DRONE RULES & REGULATIONS
(Please note, this will be updated in 2020 following the implementation of the licensing program in Canada.)
Canada is still developing proper UAV aviation laws, they've set in place fairly restrictive temporary restrictions that require advanced setup to legally fly a UAV at events and venues (like weddings). I've compiled a short guideline on what Nata De Coco requires to ensure a safe and legal aerial video:
1) SFOC Request: To legally fly in a designated No Fly Zone (Which, currently, includes all of Vancouver and over 50% of the Greater Vancouver Area), we must request for a Special Flight Operations Certificate through Transit Canada, which will give us legal access to the airspace of any wedding venue the day-of. This process takes 2-3 weeks, a bit of research on our end, and the exemption will be specific to the date, time, and area of the requested venue.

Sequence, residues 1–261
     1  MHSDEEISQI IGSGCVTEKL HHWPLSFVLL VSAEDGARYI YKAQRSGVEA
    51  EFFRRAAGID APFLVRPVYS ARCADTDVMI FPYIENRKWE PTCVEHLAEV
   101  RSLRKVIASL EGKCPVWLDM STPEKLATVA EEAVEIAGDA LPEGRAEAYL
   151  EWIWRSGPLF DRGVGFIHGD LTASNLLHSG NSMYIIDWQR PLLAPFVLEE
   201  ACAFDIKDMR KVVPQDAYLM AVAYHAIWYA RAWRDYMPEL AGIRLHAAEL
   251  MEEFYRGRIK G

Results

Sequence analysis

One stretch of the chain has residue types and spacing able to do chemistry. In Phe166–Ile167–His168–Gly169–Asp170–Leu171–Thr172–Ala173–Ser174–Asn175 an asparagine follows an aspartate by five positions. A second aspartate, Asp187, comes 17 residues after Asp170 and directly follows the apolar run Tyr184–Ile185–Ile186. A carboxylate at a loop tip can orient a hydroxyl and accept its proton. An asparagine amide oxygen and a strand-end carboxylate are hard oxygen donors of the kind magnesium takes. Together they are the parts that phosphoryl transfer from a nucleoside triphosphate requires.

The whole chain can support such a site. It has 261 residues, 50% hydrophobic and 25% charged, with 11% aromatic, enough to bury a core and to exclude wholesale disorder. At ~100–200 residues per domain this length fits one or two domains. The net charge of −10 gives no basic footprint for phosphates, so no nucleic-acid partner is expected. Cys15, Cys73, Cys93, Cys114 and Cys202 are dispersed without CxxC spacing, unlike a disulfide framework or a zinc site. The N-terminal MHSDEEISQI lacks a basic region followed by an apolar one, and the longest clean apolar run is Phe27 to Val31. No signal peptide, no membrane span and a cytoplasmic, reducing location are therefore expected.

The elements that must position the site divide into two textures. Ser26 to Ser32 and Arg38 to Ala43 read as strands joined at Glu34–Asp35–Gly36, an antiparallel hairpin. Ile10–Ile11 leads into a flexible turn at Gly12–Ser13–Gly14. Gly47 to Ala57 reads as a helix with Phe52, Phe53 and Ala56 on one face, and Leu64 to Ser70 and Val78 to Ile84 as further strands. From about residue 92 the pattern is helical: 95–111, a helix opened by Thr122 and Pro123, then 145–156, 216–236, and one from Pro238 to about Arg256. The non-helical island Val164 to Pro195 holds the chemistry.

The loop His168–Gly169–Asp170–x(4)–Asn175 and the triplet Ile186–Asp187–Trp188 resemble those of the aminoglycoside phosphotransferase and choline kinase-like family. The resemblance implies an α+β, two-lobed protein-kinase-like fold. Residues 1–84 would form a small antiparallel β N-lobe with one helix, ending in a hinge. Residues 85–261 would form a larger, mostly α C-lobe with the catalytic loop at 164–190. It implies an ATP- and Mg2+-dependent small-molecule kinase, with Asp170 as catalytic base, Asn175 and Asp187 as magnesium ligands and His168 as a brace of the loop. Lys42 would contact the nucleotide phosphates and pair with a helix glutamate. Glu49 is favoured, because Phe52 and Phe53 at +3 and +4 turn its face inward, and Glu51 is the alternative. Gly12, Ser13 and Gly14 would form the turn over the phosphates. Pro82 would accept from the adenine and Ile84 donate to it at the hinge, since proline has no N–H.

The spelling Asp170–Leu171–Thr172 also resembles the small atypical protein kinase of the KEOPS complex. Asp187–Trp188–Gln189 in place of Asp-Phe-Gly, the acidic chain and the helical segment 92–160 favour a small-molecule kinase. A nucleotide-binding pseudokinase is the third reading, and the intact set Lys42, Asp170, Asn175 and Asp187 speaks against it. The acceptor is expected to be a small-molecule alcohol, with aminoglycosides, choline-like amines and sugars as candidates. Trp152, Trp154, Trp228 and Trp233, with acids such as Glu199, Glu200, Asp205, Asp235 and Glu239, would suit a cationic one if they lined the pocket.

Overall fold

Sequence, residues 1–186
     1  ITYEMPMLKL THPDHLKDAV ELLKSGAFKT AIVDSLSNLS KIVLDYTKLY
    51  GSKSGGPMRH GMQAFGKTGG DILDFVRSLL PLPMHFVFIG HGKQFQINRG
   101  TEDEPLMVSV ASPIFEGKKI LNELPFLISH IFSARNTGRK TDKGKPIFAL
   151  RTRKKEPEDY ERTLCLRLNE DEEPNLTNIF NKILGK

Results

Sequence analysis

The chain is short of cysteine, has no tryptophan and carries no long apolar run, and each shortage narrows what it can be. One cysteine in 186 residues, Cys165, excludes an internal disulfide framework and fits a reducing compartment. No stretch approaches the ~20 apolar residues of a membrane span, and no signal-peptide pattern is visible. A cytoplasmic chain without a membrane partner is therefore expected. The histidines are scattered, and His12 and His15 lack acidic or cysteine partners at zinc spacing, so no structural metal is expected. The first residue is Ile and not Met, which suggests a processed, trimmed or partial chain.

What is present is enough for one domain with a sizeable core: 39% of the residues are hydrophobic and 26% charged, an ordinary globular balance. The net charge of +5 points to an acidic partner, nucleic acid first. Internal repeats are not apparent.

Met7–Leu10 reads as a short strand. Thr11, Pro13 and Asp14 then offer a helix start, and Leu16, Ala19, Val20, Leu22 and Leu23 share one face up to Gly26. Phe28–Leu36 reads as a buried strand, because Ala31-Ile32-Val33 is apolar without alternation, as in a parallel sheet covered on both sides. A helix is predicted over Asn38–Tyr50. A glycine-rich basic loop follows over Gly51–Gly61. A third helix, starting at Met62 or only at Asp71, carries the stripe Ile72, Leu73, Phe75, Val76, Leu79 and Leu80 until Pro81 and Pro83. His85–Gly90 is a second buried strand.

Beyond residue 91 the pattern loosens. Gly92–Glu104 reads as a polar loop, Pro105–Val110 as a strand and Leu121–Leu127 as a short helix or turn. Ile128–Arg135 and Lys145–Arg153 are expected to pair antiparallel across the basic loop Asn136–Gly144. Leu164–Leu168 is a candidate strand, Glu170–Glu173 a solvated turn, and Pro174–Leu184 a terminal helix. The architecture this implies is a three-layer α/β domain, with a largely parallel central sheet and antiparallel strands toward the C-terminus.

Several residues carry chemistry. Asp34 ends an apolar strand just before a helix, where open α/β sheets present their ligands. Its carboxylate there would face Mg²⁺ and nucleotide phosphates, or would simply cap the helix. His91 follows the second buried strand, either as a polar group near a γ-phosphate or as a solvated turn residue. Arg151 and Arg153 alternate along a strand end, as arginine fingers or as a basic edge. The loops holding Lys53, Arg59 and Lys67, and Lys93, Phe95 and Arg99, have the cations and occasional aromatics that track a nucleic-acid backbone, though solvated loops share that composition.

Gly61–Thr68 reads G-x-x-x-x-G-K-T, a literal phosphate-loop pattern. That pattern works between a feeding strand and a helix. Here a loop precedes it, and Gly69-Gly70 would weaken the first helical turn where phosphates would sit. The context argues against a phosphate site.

2) Public safety: If the venue happens to be in a heavily trafficked public space (a boardwalk, busy park, etc) our SFOC requires us to field an additional 'spotter', a ground-crew who will aid in informing any member of the public not with us or the wedding party. If an event is occurring nearby the day of, we must inform the event's management of our intended flight space.
3) Weather: Rain and winds stronger than 15 km/hour make flight conditions too dangerous for our UAV and for general safety and we may invalidate any planned flight. Our pre-site inspection on the day-of will determine if the weather is too poor to allow a UAV flight.
4) Unexpected airspace overrides: Transit Canada has ruled that all commercial UAV flights are considered aircraft, and at any time Transit Canada may deny any airspace activity, even if previously approved by a SFOC. This is mostly due to rare occasions like unexpected military or government VIP flights over the city.